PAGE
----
By following these strategies, you can minimize unused JavaScript, leading to faster load times, improved user experience, and better SEO performance.

Use Code-Splitting

Code-splitting divides your JavaScript into smaller chunks, loading only the necessary code for each page. This reduces the initial load time and ensures users download only what they need, improving overall site performance.

Minify JavaScript Code

Minify your JavaScript code by removing unnecessary characters like spaces, commas, and comments. This reduces the file size and speeds up load times. Tools like UglifyJS and Terser can help with this process.

Remove Unused Plugins

Regularly review and remove plugins that are no longer needed or used. Unused plugins can add unnecessary JavaScript to your site, slowing down performance. Keeping only essential plugins helps maintain a leaner and faster website.

Use Lighter Plugins

Opt for lighter, more efficient plugins that provide similar functionality with less code. This reduces the overall JavaScript footprint and improves site speed. Evaluate and choose plugins that are optimized for performance.

Install an Optimization Plugin

Use optimization plugins like WP Rocket, Autoptimize, or W3 Total Cache to streamline and minify your JavaScript files automatically. These tools can help reduce file size and improve load times by removing unnecessary code.

Check Page Builder Settings

Review your page builder settings to ensure they are optimized for performance. Many page builders add extra JavaScript by default. Disable features and scripts that are not in use to reduce the amount of loaded JavaScript.

Remove Unused Libraries

Identify and remove JavaScript libraries that are not actively used on your site. Unused libraries can add significant bloat to your website. Regularly auditing your libraries ensures that only essential code is included.

Use a Tag Manager

Implement a tag manager, like Google Tag Manager, to control and load third-party scripts more efficiently. Tag managers allow you to conditionally load scripts based on user interactions, reducing the initial load time and minimizing unused JavaScript.

Optimize Third-Party Scripts

To illustrate the optimization of third-party scripts, let’s look at an example involving Google Analytics. Here’s how you can modify the script loading to improve performance.

Before Optimization

In this example, the Google Analytics script is loaded in a way that may block the rendering of the main content:


<!DOCTYPE html>
<html lang="en">
<head>
<meta charset="UTF-8">
<meta name="viewport" content="width=device-width, initial-scale=1.0">
<title>Page Title</title>
<script src="https://www.googletagmanager.com/gtag/js?id=UA-XXXXX-Y"></script>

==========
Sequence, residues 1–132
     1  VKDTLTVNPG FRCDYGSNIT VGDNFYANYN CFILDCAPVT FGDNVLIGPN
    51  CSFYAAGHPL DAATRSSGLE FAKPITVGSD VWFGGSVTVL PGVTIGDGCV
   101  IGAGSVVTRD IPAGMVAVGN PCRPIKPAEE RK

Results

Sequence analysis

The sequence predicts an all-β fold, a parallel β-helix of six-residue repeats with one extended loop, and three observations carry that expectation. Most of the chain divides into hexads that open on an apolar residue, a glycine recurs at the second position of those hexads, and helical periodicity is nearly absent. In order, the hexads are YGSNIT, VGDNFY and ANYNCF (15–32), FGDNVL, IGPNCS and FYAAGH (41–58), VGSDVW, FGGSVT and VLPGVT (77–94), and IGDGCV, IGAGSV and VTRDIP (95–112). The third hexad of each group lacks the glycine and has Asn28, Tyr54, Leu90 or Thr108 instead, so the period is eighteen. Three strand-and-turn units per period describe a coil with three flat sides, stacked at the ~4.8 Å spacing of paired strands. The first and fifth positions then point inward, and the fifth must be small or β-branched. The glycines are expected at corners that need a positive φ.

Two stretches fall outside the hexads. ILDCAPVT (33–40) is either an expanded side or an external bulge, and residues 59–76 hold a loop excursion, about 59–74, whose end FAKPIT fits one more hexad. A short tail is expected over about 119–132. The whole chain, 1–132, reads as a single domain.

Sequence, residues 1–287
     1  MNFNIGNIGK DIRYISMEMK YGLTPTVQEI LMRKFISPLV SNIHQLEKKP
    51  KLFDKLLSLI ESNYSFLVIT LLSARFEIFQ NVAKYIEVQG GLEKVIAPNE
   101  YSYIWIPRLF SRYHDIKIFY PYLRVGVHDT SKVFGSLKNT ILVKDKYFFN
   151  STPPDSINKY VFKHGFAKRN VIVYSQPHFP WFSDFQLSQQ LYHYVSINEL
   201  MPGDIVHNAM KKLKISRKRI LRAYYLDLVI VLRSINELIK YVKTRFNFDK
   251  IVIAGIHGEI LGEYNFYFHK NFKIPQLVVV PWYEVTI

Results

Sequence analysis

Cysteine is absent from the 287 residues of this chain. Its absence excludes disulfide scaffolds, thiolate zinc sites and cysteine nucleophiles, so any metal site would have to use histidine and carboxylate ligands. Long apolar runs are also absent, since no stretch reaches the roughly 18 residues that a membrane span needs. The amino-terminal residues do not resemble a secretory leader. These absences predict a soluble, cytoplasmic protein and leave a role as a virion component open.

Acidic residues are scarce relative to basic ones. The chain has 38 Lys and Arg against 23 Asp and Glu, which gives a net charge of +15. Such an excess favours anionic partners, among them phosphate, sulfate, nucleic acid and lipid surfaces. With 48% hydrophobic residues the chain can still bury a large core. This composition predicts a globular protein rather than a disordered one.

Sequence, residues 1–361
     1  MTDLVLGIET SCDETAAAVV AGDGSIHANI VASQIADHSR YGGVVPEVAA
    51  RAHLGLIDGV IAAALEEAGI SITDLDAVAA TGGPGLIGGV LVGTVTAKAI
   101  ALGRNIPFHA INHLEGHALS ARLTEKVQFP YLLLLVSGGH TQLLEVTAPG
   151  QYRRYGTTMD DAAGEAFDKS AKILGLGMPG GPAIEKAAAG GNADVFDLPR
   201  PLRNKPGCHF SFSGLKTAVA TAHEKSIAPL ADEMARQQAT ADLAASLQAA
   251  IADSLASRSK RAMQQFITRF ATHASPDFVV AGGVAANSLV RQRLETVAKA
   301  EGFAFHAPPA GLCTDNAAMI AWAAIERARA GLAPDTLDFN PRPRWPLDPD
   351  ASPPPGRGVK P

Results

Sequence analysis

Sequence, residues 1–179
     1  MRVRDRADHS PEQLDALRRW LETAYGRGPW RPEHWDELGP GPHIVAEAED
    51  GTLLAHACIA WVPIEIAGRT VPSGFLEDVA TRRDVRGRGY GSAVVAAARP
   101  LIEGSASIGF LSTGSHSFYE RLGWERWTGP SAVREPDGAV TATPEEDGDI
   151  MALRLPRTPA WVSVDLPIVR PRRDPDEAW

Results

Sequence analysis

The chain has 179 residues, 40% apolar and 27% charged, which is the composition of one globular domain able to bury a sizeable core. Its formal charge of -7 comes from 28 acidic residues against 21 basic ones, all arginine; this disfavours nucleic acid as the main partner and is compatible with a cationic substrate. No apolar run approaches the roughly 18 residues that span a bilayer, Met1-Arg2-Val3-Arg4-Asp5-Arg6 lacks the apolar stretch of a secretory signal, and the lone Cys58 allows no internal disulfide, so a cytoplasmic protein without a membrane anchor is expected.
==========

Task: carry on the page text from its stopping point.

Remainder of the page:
<script>
window.dataLayer = window.dataLayer || [];
function gtag(){dataLayer.push(arguments);}
gtag('js', new Date());
gtag('config', 'UA-XXXXX-Y');
</script>
</head>
<body>
<!-- Main content goes here -->
</body>
</html>

After Optimization

By loading the Google Analytics script asynchronously and deferring its execution, we can ensure it doesn’t block the rendering of the main content:


<!DOCTYPE html>
<html lang="en">
<head>
<meta charset="UTF-8">
<meta name="viewport" content="width=device-width, initial-scale=1.0">
<title>Page Title</title>
<script async src="https://www.googletagmanager.com/gtag/js?id=UA-XXXXX-Y"></script>
<script>
window.dataLayer = window.dataLayer || [];
function gtag(){dataLayer.push(arguments);}
gtag('js', new Date());
gtag('config', 'UA-XXXXX-Y');
</script>
</head>
<body>
<!-- Main content goes here -->
</body>
</html>

Explanation

Async Attribute: The async attribute ensures that the script is fetched in parallel to parsing the HTML, and will be executed as soon as it is available. This prevents the script from blocking the rendering of the rest of the page.

Deferring Execution: Although the async attribute is primarily used here, you can also use the defer attribute if you want to ensure that the script runs after the HTML is fully parsed, which is useful for scripts that need to access the DOM.

Regularly Review and Clean Up Your Code

Conduct regular code reviews to identify and eliminate unused or redundant JavaScript. Refactor your codebase periodically to maintain efficiency and remove any legacy code that is no longer needed.

Test, Monitor, and Repeat

Continuously test your website’s performance using tools like PageSpeed Insights and Chrome DevTools. Monitor the impact of changes and optimizations on load times and user experience. Repeat this process regularly to ensure your site remains optimized and performs well as it evolves.

Final Idea

Unused JavaScript refers to loaded but unexecuted code that slows down web performance. Removing it improves load times, user experience, and SEO. Tools like Sitechecker, PageSpeed Insights and Chrome DevTools help identify unused scripts. Optimize by removing excess files, delaying and deferring JavaScript, using code-splitting, minifying code, and managing plugins and libraries. Regularly test and review your site to maintain performance.

FAQ
The async attribute loads scripts asynchronously and executes them as soon as they are available, while defer loads scripts in order and executes them after the HTML document is fully parsed.
Web Workers allow you to run scripts in the background, separate from the main execution thread, which helps prevent UI blocking and improves page performance.
Yes, lazy loading can be applied to both images and JavaScript to defer loading until they are needed, which improves initial page load times.
Code-splitting divides JavaScript into smaller chunks, allowing users to load only the code necessary for the current page, which improves load times and overall performance.
Third-party scripts can slow down page load times, negatively affecting SEO rankings. Optimizing these scripts can enhance site performance and improve search engine visibility.